Tuesday, September 13, 2016

The value of learning as much as you can about your occupation (in this case, writing)

by Rick Blechta

Like all published authors, I have been buttonholed many times at parties, meetings, book signings and even once at a funeral (!) by people who’ve written a novel (or a book of some sort) and want to know what to do next. The inevitable question is: How do I find a publisher? Sometimes they ask if I have an agent, and if so, would I help them get their manuscript in to him?

Now, I don’t mind helping people, but after the fiftieth such request, it gets a little old.

First of all, I’m not going to contact my publisher or agent and recommend your work unless I’ve read it and found it good enough. By recommending someone, I’m putting my reputation on the line, too. Second, doing that takes a lot of time and I have little enough of that to spare. Look, I just met you and now you want me to grant you a very large favour just because you asked and are a nice person?

But besides the effrontery of such a request, there is something else that bothers me even more. These people want to become a published author but they don’t know anything about the business and haven’t bothered to educate themselves? If I were blunt enough to say that, my guess is they would get quite angry — but that doesn’t make it any less true.

I’ve been around for quite awhile now, and I’ve worked hard to learn a lot of things about the book publishing game, and it’s a good assumption by the neophyte that I could supply them with a lot of useful information. But what they don’t realize is that their request that I help them shows me that they aren’t really prepared to be an author. What I’m going to tell them from what I’ve worked hard to find out is also easily found on many websites, blogs and in numerous books.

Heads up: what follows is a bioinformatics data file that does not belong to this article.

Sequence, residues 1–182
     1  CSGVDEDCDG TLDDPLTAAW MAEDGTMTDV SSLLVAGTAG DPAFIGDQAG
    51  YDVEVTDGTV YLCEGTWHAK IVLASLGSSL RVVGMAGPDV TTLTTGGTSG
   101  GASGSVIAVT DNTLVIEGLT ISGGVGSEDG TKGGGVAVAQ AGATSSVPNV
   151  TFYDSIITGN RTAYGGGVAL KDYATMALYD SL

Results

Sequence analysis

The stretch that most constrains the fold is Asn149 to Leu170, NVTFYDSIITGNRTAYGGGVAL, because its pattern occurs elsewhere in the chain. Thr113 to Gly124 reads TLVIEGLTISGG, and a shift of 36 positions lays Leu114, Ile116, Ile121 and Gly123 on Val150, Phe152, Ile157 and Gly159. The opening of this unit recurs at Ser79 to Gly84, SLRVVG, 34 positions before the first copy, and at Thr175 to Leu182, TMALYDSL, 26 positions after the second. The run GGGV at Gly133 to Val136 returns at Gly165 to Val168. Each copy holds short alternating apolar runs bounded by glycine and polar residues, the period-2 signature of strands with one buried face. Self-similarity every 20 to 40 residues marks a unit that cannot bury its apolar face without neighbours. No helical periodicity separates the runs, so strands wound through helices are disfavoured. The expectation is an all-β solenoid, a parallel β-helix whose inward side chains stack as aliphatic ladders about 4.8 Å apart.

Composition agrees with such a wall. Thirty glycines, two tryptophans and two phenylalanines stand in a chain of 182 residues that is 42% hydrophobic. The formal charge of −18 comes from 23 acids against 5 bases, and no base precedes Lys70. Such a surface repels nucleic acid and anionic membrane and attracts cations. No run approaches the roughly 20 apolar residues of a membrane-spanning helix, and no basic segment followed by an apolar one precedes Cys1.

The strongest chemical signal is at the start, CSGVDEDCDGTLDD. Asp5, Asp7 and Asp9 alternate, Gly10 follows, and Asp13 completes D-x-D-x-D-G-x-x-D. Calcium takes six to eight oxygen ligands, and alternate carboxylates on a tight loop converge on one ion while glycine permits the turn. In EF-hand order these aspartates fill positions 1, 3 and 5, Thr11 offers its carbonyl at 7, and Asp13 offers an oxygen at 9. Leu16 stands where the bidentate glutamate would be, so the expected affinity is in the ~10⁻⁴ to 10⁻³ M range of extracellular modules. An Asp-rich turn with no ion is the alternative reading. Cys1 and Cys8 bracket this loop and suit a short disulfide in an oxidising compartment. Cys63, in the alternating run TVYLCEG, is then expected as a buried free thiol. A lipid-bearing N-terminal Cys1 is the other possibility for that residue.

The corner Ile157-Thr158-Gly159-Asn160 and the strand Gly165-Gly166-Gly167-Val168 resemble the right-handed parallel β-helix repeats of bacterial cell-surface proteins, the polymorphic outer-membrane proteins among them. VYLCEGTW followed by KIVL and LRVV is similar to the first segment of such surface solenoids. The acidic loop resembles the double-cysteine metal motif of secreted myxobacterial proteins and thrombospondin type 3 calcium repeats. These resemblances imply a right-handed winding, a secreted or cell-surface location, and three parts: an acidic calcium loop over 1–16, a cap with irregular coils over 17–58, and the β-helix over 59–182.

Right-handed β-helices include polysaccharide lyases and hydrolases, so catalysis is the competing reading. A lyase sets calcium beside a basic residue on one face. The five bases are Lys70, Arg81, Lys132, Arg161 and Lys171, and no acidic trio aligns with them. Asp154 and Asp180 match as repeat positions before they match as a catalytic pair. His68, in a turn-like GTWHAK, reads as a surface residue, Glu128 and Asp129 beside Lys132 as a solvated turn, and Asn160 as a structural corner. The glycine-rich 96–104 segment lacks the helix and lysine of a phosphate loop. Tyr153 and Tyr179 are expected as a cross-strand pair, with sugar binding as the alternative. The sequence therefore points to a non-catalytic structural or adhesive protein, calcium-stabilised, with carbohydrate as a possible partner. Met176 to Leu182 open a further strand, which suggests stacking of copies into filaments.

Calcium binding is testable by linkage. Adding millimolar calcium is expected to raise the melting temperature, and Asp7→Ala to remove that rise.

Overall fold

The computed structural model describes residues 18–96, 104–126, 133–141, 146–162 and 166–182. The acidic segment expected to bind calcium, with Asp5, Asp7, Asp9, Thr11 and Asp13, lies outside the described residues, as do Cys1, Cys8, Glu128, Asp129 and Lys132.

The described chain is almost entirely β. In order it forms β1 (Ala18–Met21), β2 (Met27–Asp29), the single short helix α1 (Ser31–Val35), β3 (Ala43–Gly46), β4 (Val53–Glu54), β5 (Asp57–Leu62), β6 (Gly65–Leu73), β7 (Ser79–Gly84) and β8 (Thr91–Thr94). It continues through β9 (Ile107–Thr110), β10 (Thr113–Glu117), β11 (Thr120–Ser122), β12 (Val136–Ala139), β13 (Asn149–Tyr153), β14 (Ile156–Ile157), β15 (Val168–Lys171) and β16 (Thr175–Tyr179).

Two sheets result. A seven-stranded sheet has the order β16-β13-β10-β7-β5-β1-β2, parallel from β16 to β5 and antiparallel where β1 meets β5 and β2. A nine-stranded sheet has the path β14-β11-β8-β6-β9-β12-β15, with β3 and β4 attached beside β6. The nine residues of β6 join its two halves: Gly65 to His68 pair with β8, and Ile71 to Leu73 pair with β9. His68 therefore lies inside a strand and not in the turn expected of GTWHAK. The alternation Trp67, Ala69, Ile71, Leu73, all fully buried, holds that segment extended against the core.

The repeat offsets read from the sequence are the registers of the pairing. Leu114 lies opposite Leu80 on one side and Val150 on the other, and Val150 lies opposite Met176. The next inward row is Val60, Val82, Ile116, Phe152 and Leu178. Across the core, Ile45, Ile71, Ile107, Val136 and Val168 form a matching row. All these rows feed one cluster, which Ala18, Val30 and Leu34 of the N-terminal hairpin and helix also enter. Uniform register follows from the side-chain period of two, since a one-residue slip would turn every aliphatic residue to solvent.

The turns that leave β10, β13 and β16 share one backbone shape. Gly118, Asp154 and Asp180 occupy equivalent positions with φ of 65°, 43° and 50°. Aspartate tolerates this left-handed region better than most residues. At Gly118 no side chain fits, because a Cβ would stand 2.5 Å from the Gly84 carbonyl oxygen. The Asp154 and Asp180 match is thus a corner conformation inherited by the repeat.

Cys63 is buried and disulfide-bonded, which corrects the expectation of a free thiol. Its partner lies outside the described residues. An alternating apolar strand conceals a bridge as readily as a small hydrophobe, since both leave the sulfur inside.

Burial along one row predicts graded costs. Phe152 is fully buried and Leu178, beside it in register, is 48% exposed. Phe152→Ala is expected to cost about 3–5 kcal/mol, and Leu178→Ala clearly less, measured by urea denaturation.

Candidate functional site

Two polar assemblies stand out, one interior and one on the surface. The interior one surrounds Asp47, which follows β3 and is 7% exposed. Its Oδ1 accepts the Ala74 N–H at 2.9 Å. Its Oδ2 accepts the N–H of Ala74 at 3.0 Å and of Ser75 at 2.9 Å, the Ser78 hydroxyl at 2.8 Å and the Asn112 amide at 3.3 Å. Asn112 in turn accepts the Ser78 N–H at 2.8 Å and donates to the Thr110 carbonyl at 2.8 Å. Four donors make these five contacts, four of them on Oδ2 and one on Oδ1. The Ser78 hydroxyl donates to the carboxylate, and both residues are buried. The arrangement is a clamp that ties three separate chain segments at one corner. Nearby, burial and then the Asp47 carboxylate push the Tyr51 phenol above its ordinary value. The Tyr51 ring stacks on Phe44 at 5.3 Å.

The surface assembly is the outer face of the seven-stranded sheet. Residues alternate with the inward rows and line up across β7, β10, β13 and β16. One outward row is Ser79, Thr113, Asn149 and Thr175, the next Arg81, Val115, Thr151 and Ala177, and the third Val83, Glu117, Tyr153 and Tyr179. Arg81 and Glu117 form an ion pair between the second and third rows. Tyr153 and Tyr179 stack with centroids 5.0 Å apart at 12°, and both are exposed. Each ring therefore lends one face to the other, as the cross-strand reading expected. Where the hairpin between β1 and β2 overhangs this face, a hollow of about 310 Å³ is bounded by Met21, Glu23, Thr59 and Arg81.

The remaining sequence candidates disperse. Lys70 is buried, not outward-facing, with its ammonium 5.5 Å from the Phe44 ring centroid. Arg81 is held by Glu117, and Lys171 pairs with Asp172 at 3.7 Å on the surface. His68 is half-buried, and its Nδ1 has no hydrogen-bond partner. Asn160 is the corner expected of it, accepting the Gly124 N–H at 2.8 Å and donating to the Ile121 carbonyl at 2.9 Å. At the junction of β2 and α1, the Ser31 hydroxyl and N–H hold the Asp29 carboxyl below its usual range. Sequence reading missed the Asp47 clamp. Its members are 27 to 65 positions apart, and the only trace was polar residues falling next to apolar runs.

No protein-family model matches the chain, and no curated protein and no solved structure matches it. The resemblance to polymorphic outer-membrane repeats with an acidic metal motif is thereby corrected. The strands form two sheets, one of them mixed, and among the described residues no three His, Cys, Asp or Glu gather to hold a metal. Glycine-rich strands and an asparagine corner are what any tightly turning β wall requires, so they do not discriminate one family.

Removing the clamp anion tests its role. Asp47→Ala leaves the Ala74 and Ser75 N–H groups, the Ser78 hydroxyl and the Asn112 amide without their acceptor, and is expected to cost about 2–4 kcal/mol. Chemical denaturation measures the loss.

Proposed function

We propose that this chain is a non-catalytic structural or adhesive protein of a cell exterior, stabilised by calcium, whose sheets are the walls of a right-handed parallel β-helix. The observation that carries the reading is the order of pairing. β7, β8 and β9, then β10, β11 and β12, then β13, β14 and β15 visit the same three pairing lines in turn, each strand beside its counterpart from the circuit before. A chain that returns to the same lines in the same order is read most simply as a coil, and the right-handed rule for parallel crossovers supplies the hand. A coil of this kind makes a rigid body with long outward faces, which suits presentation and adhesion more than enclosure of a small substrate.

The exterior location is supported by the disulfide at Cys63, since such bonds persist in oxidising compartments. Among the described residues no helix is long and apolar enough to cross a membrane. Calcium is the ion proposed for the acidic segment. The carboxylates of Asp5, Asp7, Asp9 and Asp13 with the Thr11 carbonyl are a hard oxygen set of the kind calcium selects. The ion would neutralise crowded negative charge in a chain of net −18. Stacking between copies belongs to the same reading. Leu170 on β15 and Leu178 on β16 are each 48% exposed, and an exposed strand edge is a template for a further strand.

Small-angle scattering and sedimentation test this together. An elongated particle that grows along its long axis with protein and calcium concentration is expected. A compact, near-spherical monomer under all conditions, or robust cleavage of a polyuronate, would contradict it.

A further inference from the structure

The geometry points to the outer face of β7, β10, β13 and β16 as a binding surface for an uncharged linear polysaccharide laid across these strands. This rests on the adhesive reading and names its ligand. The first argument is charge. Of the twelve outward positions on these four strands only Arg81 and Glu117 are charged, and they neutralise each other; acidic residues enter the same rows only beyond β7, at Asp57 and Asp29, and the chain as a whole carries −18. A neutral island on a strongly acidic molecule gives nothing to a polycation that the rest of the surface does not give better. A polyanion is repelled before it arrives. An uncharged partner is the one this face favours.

The really shocking thing, though, is that these people are also telling me that they’re going into a very complicated business with zero knowledge of what’s involved, and what’s expected of them (a lot) besides good writing. It’s much akin to someone who’s received a compass as a present. That person then decides they’re going to become a great explorer and immediately leaves for the Amazon jungle, packing only their new compass (with little idea how to use it). How successful do you think they’re going to be?

Becoming a published author and then attaining enough success to keep going is a very tough accomplishment. The first order of things on the path to authorial success is to learn as much as you can about the job description. That requires hours of research and reading. Even if I were to pass you on to my agent, you need to know how things work and what the expectations are. Until you know that, you’re just a babe in the jungle.

Don’t get me wrong. Someone who has produced a novel — no matter how good or bad it is — has achieved a major accomplishment. When I tell them that they’re barely halfway there, I am greeted by blank expressions or downright unhappiness. (“What? I’m not even close to my goal?”) It’s sad to disillusion nice people, but I would be doing them no favours by telling them what they want to hear. A writer who doesn’t know the ropes is a writer who is going to risk falling on their face at best, and at worst, they’re going to be taken advantage of — sometimes in a huge way. I know of more than one author who signed away the rights to their series character in order to get their book published. How stupid is that? The publisher said, “No deal unless we get this.” Any sane person would have walked.

Most authors, me included, are more than willing to point the budding author in the right direction (First on my list is How to Get Happily Published* by Judith Applebaum), but please don’t expect us to grab your hand and take you where you want to go — especially if you’re just meeting us for the first time!

*And I purposely didn’t give a link for finding this book online.


Aline Templeton said...

My favourite cartoon, Rick! I have a copy pinned to my noticeboard.

Rick Blechta said...

I used to have one, as well!